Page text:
Goose Hunting Forum banner
1 - 10 of 10 Posts

·
Registered
Joined
·
20 Posts
Discussion Starter · #1 ·
was wondering what you all think, i have always shot a 28 inch tube for geese.

i just got a new gun with a 26 inch tube. i shoot it very well on the clay course.

but do you think it will suffer any power for bringing down geese. i have heard conflicting ( stories) on this and hope i can use this for the big birds this season.

thanks for all the help :roll:
 

·
Registered
Joined
·
137 Posts
If you have the invector choke tube sytem or something similar it is only the last 2 inches of the barrel that matters anyways. If you hunt smooth bore like the old model guns use the 28 inch barrel
 

·
Registered
Joined
·
605 Posts
noodlebender said:
i just got a new gun with a 26 inch tube. i shoot it very well on the clay course.

but do you think it will suffer any power for bringing down geese. i have heard conflicting ( stories) on this and hope i can use this for the big birds this season.
The shorter 26" barrel will be better in close shooting quarters like sporting clays/skeet, and Grouse/woodcock. Where as the 28" is more suited for a bit longer shots like Trap and ducks/geese/pheasant. The 30" is even more suited at long shots like pass shooting and the like (+40yds).

As far as power-no difference at all.
 

·
Registered
Joined
·
1,460 Posts
I shoot a 3 1/2" Benelli Nova that has a 26" barrel. There is no difference at all. I have killed many ducks and geese with it. I use it for every type of hunting I do, including quail. I like the 26" barrels better than 28" barrels.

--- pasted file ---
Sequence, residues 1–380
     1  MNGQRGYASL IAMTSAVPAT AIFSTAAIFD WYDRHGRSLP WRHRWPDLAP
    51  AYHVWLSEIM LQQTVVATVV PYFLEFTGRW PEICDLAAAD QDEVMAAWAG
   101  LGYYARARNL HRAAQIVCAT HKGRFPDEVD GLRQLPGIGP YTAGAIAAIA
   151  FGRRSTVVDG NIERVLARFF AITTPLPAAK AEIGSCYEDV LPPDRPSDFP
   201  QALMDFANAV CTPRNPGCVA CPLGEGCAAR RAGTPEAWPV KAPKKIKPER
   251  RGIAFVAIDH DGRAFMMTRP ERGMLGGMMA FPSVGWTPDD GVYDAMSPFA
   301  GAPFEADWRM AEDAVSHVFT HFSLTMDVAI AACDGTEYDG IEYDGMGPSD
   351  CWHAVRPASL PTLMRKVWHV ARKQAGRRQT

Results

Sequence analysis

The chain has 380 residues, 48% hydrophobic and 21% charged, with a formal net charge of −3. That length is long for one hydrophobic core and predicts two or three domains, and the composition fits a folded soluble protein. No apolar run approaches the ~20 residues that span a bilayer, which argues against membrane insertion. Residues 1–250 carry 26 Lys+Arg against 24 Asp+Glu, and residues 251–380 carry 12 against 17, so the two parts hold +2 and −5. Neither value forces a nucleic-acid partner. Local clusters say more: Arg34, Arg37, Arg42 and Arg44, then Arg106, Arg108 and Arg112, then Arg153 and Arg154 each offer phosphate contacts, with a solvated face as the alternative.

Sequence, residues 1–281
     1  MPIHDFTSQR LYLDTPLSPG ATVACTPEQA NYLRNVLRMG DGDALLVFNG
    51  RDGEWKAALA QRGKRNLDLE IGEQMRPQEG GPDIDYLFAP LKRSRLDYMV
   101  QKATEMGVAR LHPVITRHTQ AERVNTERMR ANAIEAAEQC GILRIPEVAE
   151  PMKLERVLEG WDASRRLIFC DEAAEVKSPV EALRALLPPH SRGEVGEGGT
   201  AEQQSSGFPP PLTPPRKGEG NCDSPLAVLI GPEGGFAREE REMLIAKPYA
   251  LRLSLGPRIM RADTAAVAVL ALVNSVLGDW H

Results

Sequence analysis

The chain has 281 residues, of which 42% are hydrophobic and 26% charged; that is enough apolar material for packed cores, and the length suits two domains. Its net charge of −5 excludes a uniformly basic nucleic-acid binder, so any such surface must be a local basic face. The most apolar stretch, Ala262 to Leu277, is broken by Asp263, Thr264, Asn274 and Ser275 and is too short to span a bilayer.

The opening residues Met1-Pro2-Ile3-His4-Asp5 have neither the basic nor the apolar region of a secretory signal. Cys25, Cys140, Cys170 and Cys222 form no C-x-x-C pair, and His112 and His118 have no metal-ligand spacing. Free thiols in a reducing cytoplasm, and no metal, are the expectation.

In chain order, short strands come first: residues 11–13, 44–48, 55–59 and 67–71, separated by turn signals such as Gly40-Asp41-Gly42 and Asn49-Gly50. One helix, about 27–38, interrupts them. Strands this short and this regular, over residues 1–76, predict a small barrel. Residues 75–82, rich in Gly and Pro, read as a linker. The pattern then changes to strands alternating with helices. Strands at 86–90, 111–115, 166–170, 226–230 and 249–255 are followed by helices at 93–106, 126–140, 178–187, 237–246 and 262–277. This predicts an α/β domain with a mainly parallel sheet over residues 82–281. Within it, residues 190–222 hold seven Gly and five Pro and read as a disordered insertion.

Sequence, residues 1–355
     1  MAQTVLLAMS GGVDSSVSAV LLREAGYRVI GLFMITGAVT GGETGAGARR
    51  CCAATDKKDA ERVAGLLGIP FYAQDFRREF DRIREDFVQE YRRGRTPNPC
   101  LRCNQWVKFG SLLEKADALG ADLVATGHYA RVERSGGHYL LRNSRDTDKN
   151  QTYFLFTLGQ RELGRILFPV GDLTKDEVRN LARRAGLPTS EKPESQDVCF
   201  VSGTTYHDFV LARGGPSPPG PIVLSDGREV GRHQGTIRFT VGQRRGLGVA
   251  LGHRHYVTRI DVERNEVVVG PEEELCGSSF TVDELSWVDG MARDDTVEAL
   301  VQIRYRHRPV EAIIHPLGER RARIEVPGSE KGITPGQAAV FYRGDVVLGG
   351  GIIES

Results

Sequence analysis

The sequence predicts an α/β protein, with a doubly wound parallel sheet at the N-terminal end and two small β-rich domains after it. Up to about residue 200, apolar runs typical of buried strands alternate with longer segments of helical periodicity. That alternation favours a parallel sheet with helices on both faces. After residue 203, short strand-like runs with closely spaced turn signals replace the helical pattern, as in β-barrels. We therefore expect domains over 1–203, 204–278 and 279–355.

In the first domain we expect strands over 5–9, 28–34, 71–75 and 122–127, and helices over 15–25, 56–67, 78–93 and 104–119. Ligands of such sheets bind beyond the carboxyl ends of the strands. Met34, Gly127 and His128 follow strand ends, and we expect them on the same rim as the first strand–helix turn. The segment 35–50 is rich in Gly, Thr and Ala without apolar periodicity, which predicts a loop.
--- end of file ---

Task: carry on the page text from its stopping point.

·
Registered
Joined
·
15 Posts
Barrel length has nothing to do with reaching out further with your shot. It's all in your choke system. a longer barrel does help in your aim, being longer you get on the target faster. I shoot a 26' barrel and it took a little adjustment getting used to the shorter barrel but once you do its great. Less of a cannon to drag through the cat tails. Again its all preference. for a younger shooter they may be better off with a longer barrel until their shooting improves. I stated off with a 30' full choke
 

·
Registered
Joined
·
14 Posts
With todays quality loads, the barrel length does not matter. Todays loads are far superior to anything just a hand full of years ago. The choke will change your shot pattern to do whatever you desire. Pattern you gun with the loads you are going to shoot and this will help you to get the most out of it. I shoot 26" barrels and 28" barrels. The 28" swings better and is easier to shoot. But the 26" is much nicer to carry in the blind.
 

·
Registered
Joined
·
9 Posts
I shoot alot of trap and have noticed that a long 30 inch barrel maintains a constant swing that is better suited for targets with a constant speed and angle. When the wind starts to blow them around a bit I grab the 26 inch barrel for those darting clays. I've read alot of information on barrel length as it pertains to velocity and all the experts state most of the powder is burned within 18 inches. When it comes to barrel length It's more of a personal choice than anything. For high flyers I'd like longer barrel and over decoys the shorter barrel. By the way I shoot a pair of remington 870's, a wing master for trap and a 3 inch express for hunting.
 

·
Registered
Joined
·
57 Posts
ok this is a sad sad story
i shoot a winchester model 12 recently the end of the barrel exploded i have 21 inches of good barrel left and i we are going to just try to put a toilet plunger choke on it do u think it will still perform for geese?
 
1 - 10 of 10 Posts
Top